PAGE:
The 19th Amendment, Elizabeth Peratrovich, and the Ongoing Fight for Equal Rights

portrait style photo of a woman dressed in a floral print dress
Elizabeth Peratrovich fought for and won civil rights for Alaska Natives

Alaska State Library Portrait File. Photographs. ASL-Peratrovich-Elizabeth-1 ASL-P01-3294

By Erik Johnson, Denali Park Historian

The 19th Amendment, which granted American women the right to vote, was passed by Congress in 1919, ratified by the states on August 18, 1920, and adopted as a part of the U.S. Constitution on August 26, 1920.[1] Over the course of the last year, the National Park Service and other organizations have been commemorating the centennial of this important political achievement that changed the U.S. Constitution.

Like many Amendments to the Constitution, the 19th Amendment was a part of the ongoing struggle for equal rights. It provided suffrage for American women, but these rights did not extend to indigenous women (or men), who were not considered citizens until 1924 and then routinely disenfranchised through various schemes such as the 1925 Alaska Literacy Law. The 19th Amendment also did not necessarily provide the ballot to other women (or men) of color, who also encountered continual voter disenfranchisement. Access to the ballot and equal rights was and has been an ongoing struggle led by diverse women throughout the country.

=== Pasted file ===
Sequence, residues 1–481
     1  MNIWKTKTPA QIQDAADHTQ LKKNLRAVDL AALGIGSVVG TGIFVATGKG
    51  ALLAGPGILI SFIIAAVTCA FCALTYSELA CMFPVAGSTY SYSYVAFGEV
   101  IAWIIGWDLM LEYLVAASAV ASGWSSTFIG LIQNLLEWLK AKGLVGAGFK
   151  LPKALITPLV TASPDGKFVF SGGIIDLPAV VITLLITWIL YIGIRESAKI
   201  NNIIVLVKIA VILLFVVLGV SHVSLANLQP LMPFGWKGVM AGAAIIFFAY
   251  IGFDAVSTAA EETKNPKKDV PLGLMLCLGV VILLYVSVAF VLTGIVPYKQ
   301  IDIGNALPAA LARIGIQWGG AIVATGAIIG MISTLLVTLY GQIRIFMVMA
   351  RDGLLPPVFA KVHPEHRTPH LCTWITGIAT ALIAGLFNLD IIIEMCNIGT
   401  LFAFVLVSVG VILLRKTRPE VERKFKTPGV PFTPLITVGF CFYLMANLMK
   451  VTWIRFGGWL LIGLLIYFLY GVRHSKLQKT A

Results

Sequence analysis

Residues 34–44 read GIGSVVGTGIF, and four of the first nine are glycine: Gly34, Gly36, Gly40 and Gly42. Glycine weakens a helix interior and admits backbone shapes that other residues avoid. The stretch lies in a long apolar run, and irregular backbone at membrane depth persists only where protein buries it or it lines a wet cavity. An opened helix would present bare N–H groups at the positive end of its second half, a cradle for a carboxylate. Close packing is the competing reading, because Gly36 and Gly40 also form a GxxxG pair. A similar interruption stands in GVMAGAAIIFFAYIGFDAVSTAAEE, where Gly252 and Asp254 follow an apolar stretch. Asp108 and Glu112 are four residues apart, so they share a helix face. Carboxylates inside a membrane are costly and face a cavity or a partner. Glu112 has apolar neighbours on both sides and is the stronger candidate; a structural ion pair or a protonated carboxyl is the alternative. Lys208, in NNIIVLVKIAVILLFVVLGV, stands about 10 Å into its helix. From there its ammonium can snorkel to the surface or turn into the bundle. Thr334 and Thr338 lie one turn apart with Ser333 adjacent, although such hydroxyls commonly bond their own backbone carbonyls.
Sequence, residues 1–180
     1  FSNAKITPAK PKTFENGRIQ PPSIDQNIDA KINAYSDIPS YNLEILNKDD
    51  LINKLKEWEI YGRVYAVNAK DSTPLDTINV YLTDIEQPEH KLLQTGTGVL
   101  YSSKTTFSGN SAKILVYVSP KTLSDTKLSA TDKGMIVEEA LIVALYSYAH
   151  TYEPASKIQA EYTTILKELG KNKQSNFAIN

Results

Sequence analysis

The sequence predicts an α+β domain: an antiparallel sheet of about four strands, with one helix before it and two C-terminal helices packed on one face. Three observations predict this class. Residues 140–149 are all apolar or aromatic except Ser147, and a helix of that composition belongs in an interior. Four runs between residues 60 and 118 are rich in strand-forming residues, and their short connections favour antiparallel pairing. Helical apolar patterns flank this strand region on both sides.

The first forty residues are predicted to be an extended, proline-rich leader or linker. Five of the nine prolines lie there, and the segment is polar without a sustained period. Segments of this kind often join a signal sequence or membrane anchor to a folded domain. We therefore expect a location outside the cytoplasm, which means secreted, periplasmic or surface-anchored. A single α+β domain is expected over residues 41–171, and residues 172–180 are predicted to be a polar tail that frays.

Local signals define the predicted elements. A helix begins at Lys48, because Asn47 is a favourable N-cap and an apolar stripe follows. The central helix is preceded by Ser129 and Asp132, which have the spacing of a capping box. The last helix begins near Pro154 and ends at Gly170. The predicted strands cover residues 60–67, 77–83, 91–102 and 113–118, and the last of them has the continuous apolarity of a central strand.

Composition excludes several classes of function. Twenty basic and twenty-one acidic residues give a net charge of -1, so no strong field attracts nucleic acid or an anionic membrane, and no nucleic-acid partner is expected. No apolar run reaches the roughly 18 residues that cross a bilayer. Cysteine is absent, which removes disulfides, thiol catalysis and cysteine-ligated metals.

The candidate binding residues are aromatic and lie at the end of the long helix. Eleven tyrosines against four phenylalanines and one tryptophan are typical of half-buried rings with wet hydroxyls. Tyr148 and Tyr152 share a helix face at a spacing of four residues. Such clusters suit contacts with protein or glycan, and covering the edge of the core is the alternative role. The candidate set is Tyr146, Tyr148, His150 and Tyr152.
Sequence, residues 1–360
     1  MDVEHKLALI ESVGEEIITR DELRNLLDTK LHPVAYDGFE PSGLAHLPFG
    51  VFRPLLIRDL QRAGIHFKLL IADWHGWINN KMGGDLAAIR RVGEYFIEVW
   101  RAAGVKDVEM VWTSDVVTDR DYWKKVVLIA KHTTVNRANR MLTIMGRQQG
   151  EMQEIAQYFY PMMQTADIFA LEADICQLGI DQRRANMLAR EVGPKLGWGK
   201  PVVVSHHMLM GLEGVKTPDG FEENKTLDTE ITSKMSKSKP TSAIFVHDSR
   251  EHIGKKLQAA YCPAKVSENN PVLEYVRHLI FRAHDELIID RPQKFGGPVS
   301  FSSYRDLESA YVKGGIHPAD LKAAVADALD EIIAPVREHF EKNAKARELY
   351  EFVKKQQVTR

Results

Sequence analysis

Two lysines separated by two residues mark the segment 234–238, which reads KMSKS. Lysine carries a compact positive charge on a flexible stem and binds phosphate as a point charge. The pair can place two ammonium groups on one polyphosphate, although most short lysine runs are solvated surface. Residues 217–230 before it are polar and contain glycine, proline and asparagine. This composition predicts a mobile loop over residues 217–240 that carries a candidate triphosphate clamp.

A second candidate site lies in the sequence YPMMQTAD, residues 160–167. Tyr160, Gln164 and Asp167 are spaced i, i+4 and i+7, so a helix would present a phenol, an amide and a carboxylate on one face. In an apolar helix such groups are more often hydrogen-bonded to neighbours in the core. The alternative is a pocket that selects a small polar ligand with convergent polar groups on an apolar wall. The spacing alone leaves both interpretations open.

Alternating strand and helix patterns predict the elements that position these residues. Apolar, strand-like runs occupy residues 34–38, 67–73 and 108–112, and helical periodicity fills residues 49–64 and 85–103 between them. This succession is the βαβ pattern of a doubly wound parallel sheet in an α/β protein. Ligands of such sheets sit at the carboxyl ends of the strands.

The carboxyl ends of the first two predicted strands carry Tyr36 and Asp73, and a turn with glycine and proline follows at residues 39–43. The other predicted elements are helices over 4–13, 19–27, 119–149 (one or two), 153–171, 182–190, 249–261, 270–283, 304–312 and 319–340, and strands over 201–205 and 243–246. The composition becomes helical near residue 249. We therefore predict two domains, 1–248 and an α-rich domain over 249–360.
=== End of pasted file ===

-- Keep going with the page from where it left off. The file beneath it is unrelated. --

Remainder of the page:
a woman and four men standing around a man at a desk
Governor Ernest Gruening signs the Anti-discrimination Act of 1945. Elizabeth Peratrovich is standing behind him

Alaska Territorial Governors Collection, Photographs, Alaska State Library; ASL-P274-1-2

In Alaska, women's suffrage passed in 1913—seven years prior to the 19th Amendment—and antidiscrimination legislation passed nearly 20 years prior to the major national civil rights bills of the 1960s.[2] In the 1940s, Elizabeth Peratrovich—a Tlingit woman who was Grand President of the Alaska Native Sisterhood—led the charge to end discrimination against Alaska Natives.[3] She was fed up with indigenous people paying taxes and fighting wars for America but not receiving the same rights and access to businesses as white citizens.

The Alaska Equal Rights Act legislation originally was brought to the Alaska legislature in 1943 but failed. When the bill was taken up by the Alaska legislature again, in 1945, Peratrovich left a lasting mark when she challenged the discriminatory and racist comments expressed by Senator Allen Shattuck. Shattuck bemoaned the notion of equality among whites and Alaska Natives:
a gold coin with a raven emblem, etching of a woman's face and words elizabeth peratrovich anti-discrimination law of 1945
Elizabeth Peratrovich is featured on the 2020 dollar coin

Photo courtesy of the United States Mint

"The races should be kept further apart. Who are these people, barely out of savagery, who want to associate with us whites with 5,000 years of recorded civilization behind us?"

When the floor opened to comment from the public, Peratrovich reportedly set down her knitting needles and countered Shattuck: